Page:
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The 5 Must Try Dishes That Will Be Available At the Super Bowl

At this point, football is only 50% of the Super Bowl. The NFL’s championship game is larger than life. It’s more of a cultural event, with celebrities and the press descending upon the host city seemingly straight from the Grammy’s and tickets going for, at the very least, thousands of dollars. So, it makes sense that the menu for the game would be larger than life as well. 

This year, Centerplate, a food and beverage company that serves entertainment venues around the United States, is in charge of creating a menu for this Sunday’s game at the Hard Rock Stadium in Miami, FL. Led by national executive chef Carmen Callo, the Centerplate team has created a menu heavily inspired by Miami’s seasonal offering and its Latin heritage. 

Though there will be traditional gametime offerings like popcorn and Bud Light (and for a steal, at $5/can, at that), Centerplate has focused on making the menu a bit more elevated than your typical stadium food. This means bigger plates, better quality, and bolder flavors.

Check out our top five picks for what we’d grub out on if we were going to the big game:

Skewered Pork Kan-Kan

Kan-Kan is the pork equivalent to a tomahawk steak and, clearly, is just as visually striking as it’s bovine counterpart. Centerplate’s is marinated in a spice mix of annatto, sazon, and chimichurri, making for a South Beach blend of spice, zest, and umami.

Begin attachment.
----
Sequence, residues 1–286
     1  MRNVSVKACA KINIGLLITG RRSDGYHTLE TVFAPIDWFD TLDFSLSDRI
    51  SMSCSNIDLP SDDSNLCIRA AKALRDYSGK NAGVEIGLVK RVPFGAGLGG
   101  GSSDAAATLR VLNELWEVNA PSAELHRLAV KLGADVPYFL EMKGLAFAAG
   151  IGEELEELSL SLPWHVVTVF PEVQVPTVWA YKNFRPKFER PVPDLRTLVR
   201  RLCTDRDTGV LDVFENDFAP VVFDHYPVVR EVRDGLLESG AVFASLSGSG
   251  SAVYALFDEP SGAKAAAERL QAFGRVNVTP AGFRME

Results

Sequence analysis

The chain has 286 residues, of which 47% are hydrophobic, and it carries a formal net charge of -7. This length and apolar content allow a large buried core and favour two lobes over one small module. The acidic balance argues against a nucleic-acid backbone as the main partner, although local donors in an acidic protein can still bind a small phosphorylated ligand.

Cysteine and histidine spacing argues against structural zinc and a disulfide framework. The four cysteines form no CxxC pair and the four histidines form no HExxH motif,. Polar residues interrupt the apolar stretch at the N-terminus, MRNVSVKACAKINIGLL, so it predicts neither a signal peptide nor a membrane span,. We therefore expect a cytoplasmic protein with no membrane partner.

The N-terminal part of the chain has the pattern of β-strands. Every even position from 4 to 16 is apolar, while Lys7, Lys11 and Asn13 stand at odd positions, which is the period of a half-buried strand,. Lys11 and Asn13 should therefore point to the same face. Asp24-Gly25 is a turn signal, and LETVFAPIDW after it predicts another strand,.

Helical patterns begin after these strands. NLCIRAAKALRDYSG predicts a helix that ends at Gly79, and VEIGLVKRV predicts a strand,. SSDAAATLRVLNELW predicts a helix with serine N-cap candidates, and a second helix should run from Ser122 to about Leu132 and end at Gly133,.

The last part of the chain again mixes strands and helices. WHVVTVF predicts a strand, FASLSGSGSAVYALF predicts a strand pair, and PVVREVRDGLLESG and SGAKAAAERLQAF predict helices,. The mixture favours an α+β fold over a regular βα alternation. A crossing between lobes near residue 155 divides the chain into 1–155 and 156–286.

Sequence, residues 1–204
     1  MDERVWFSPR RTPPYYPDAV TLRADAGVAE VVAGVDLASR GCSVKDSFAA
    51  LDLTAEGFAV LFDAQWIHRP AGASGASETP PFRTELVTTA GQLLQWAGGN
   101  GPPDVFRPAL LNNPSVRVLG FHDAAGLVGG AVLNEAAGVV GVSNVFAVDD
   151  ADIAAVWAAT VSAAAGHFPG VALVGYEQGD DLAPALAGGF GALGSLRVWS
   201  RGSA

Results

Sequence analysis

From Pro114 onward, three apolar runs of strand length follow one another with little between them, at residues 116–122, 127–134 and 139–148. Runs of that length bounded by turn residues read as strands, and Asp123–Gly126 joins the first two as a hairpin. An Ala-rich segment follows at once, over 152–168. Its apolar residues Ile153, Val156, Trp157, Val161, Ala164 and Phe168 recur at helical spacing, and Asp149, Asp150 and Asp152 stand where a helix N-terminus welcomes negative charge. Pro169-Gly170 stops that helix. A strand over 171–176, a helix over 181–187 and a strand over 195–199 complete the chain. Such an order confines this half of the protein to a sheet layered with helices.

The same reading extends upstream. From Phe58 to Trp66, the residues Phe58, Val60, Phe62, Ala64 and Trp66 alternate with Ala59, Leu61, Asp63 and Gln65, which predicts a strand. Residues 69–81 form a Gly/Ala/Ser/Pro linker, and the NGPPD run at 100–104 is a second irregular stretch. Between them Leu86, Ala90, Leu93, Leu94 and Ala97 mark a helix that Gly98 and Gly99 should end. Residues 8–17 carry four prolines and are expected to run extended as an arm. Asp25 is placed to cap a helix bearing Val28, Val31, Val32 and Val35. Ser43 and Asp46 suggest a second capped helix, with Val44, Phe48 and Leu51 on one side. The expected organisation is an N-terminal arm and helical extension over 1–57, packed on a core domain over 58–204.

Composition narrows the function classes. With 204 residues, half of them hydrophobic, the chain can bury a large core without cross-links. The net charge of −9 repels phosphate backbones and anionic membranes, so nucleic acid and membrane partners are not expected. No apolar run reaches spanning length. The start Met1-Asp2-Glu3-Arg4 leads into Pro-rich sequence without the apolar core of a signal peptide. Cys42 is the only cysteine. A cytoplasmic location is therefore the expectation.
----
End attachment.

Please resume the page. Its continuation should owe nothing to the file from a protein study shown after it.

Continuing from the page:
Key Lime Pie Milkshake

The Key Lime Pie Milkshake takes its inspiration from the pie stemming from the Florida Key’s iconic tiny limes. This vanilla milkshake is topped with fresh whipped cream, a candy gummy, a cherry, and an entire piece of key lime pie proving that, apparently, the only thing better than one dessert is two.

South Florida Seafood Paella

Key West shrimp, mussels, clams, squid, lobster stock, and Valencian bomba rice meet in one of Spain’s most iconic dishes. While this may not be directly Miami-inspired, Centerplate has added a secret mix of spices that draw from the Keys that bring the dish in line with the rest of the menu.

18” Cuban Dog

A Miami menu would be incomplete if there wasn’t a cubano-based dish. This foot-and-a-half long hot dog is covered in mojo pork, mustard, Swiss cheese, and pickles, as it attempts to recreate the famed Cuban sandwich.

Custom NFL Bon Bons

These minute chocolates were specially made for this year’s Super Bowl, as they feature unique decorations inspired by the 12 teams that made the playoff push for February 2nd’s game. I’m not going to lie, if I had these in my possession, there’d be less eating and more sneaking away in my pockets to keep as a relic.

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Cravings Culture Restaurants

The 15-Minute Paella That Cuts Time, But Not Flavor Or Authenticity

Tucked away in a block on North Figueroa Street in Los Angeles’ historic Highland Park neighborhood lies Otono, a charming Spanish restaurant that you may miss upon first look. While the kitchen space is smaller than most restaurants — six burners, a couple ovens, and a narrow prep station — head chef Theresa Montaño makes up for it by expanding the flavors of her cuisine on an immense scale.